Friday, 19 September 2014

Kids and Dogs

When I got Daisy at 14 weeks I had lots of plans for puppy socialising that involved taking her to meet lots of people, going for walks on busy streets so she could learn what buses were, making sure she met lots of older dogs and so on. One area that I did not think specifically about was making sure she met kids - I don't have children myself, and so don't really interact with them very much. She met plenty of tweens and older, not least because random passers by wanted to play with the puppy but wasn't really exposed to anyone under the age of about 12. Fortunately, it turned out ok, and the very first time she did meet a five year old, she instantly identified a playmate and the pair of them ran around like idiots under the watchful eye of the child's mother and me. Later on, she met my friend's toddler, again under very close supervision, and seemed to know instinctively to be very quiet and calm around him (though she did give him lots of kisses, which he seemed remarkably nonplussed by).

Cybi is a different matter. He came to me at 7 months old, by which time he was already a decent size. He's pretty boisterous, and not jumping up is still a work in progress - and he was born in a very quiet and rural area (he's a failed sheepdog). I can only assume he had never met children before he arrived with me, but we live near a school and there have been a couple of occasions now where kids walking home have invaded his personal space while we've been out. We're working on it, as obviously it isn't a good thing that he feels threatened by young children (and he's so silly that if he realised they were fun to be around he could have an ace time playing with them) but I've been a little bit surprised by the attitudes of both parents and older kids (which I assume comes from the parents) around dogs they don't know. Maybe it's the default assumption that all dogs are friendly, but there have been times when I have actually had to put myself in the way, and explain to a parent that their child should not continue to approach my dog while he is retreating behind my legs and even starting to growl. Most of them have been ok with it, if a little surprised (and I always feel very rude saying "no, I'm sorry your child can't stroke my dog") but the odd one has suggested that it's in some way my fault that I need to fend off their small child because my dog isn't totally kid safe. And it's always the ones who come rushing in arms outstretched and looming over the dog, generally while making some kind of a loud noise, that have the parents who take it personally that I'd prefer my dog stayed away from their child! Sigh.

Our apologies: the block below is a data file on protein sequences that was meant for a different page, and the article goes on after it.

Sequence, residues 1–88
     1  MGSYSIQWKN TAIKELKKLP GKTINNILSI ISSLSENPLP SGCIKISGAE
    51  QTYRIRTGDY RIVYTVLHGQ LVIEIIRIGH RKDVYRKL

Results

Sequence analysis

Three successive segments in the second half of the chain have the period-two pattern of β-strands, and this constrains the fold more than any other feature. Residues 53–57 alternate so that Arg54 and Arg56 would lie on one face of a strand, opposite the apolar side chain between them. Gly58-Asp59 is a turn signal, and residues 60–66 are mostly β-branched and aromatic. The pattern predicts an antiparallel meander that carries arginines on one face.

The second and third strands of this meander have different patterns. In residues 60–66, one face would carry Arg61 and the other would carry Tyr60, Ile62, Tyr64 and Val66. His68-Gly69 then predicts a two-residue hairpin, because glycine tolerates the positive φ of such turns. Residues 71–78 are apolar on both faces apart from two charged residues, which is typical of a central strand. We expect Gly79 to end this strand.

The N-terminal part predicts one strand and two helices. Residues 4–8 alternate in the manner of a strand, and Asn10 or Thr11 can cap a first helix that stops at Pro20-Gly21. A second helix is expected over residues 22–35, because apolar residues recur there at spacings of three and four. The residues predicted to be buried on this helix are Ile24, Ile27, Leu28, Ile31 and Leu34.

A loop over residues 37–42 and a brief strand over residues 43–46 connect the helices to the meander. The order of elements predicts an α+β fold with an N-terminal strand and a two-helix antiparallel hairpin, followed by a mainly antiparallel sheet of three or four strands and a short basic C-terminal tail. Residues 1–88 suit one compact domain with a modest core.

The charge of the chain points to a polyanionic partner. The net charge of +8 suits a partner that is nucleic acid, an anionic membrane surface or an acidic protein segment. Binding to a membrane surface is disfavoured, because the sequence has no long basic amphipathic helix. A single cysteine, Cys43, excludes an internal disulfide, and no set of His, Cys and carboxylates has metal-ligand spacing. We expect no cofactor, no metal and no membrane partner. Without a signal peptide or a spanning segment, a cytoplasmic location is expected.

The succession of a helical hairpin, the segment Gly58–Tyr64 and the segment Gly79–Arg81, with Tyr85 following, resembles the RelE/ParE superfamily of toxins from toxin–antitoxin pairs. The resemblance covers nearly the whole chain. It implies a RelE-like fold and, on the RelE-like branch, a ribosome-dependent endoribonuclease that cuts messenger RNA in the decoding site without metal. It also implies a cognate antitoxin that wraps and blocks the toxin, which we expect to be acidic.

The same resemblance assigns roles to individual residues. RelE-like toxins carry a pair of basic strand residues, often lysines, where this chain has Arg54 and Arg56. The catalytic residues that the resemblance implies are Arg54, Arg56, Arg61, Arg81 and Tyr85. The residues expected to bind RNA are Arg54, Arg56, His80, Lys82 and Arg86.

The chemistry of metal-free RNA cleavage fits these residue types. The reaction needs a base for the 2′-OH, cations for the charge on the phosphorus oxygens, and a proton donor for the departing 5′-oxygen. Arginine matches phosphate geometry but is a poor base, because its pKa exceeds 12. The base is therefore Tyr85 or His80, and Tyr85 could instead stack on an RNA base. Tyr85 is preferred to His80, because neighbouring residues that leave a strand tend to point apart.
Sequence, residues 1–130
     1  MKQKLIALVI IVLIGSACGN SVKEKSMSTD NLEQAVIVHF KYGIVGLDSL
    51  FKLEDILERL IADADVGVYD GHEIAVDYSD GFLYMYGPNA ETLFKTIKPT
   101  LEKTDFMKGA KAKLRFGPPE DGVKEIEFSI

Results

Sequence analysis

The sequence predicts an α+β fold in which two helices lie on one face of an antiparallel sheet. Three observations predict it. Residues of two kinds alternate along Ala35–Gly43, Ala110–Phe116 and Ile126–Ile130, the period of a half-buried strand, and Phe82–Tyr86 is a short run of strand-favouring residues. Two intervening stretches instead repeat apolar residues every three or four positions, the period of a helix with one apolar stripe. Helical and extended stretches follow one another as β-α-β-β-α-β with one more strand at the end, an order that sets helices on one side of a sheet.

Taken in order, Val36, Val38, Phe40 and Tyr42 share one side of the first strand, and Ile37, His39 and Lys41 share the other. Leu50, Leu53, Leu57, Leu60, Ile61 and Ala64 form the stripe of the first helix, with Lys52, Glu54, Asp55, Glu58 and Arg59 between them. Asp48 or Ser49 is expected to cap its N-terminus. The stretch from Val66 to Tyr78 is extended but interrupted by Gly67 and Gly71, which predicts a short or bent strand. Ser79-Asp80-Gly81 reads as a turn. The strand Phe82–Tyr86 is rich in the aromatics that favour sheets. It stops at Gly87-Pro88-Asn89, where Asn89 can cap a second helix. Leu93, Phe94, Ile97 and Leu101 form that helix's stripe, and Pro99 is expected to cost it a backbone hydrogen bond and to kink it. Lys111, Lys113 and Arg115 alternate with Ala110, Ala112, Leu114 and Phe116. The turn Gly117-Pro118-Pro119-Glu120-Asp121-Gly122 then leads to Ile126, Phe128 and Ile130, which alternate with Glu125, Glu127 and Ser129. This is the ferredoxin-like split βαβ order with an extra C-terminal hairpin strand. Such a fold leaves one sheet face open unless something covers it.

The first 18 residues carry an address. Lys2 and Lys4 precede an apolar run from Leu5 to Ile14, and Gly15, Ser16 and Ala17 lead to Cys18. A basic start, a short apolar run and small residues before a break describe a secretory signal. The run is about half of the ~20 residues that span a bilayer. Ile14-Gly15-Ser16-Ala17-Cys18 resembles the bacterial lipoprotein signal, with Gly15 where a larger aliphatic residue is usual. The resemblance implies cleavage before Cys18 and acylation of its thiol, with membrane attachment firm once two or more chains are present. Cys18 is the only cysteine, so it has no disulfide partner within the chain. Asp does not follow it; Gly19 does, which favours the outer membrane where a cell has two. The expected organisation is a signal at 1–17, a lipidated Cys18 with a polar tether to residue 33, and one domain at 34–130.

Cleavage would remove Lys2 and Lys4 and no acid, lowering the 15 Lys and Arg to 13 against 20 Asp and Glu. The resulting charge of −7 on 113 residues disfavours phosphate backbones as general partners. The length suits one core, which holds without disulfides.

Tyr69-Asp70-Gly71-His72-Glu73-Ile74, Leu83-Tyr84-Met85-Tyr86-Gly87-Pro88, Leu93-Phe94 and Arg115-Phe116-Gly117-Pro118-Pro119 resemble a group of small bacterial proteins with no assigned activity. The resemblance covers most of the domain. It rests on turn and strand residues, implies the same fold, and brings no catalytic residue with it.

Anyway, the RSPCA has recently started an education campaign aimed at parents, to try to decrease the risk to children. It's not quite the same as my situation, in that it's primarily aimed at people who have both kids and dogs, but I can't help but feel that if it was circulated widely it might help my cause with Cybi while I continue to work on him.

RSPCA dogs and children infographic
Dogs and children - an infographic created by the RSPCA

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